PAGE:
Ethiopian currency birr (USD/ETB) has tanked and it is not alone

By:
on Dec 11, 2023
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  • The Ethiopian birr has crashed to the lowest level on record.
  • Ethiopia is set to be the latest country to default on its bonds.
  • The government is negotiating with bondholders.

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The Ethiopian currency has plunged to a record low against the US dollar and other currencies as woes in the country continued. The USD to ETB exchange rate surged to a high of 55.67 on Monday, much more than the YTD low of 53. The pair has jumped by more than 100% in the past five years.

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The Ethiopian birr crashed as the country neared its first coupon miss as the economy faces numerous internal and external shocks. In a statement on Friday, the government warned that it was not able to pay the coupon, worth about $33 million. 

USD/ETB chart

As a result, the government has been attempting to negotiate with its external creditors. The goal is to reduce the interest of its sovereign bonds while extending the duration of payments. According to Bloomberg, Ethiopia has been unable to reach an agreement with these holders.

Therefore, there is a likelihood that Ethiopia will join other countries like Sri Lanka and Ghana that have defaulted on their international obligations. This explains why the price of its $1 billion bond rose to 75 cents on the dollar on Monday.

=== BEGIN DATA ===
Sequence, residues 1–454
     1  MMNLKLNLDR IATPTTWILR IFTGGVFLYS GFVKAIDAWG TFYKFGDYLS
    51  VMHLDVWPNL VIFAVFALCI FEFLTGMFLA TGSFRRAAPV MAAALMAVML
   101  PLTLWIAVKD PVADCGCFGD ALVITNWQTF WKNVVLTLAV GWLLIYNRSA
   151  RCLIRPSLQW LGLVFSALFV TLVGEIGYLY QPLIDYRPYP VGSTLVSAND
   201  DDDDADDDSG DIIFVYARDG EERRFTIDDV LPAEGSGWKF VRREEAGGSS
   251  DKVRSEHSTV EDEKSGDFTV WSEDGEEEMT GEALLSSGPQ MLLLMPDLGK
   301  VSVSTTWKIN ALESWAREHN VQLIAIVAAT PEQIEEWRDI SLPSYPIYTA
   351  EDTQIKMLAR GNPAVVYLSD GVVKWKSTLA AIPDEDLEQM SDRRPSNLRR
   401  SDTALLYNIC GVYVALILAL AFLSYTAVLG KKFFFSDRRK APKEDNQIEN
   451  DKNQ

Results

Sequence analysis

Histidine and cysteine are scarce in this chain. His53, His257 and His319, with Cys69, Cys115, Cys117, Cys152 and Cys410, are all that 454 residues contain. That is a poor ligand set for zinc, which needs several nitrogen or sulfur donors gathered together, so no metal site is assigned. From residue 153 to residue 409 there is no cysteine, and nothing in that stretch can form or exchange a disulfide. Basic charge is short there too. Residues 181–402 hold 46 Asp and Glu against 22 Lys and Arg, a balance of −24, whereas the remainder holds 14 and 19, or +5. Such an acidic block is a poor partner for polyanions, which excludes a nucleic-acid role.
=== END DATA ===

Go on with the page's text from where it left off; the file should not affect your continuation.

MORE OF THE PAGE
Ethiopia’s bond default comes after years of rapid growth that has pushed its total GDP to over $111.3 billion. In 2000, the country had a GDP of just $8.42 billion. This growth happened as the government used borrowed funds to build large-scale infrastructure projects, including the Grand Renaissance Dam. 

Ethiopia’s woes are a culmination of internal and external factors. Externally, like all emerging market countries, Ethiopia was hit hard by the Covid-19 pandemic that affected its transport and tourism industries.

Internally, the country has gone through a major war that led to thousands of death. While the war ended a year ago, its impact on the economy still remains.

Ethiopia is not the only African country whose currency is crashing. In Nigeria, the naira has plunged to over 1,400 against the US dollar in the black market. It started the year at 700. 

In Kenya, the shilling has been in a freefall as the government has struggled to fund its operations. In a statement last week, the Minister of Finance warned that the government was essentially broke. 

Kenya has now been forced to take expensive IMF loans and raise taxes, which have hurt its recovery. The Central Bank delivered a 200-basis point rate hike in a bid to save the plummeting currency. Kenya will make its first installment of its $2 billion coupon in December.

In Zambia, the kwacha has also been surging as the country has had cash flow problems. The USD/ZMW pair surged to 24.50, up from the YTD low of 17. The Angolan kwanza has crashed to 840.

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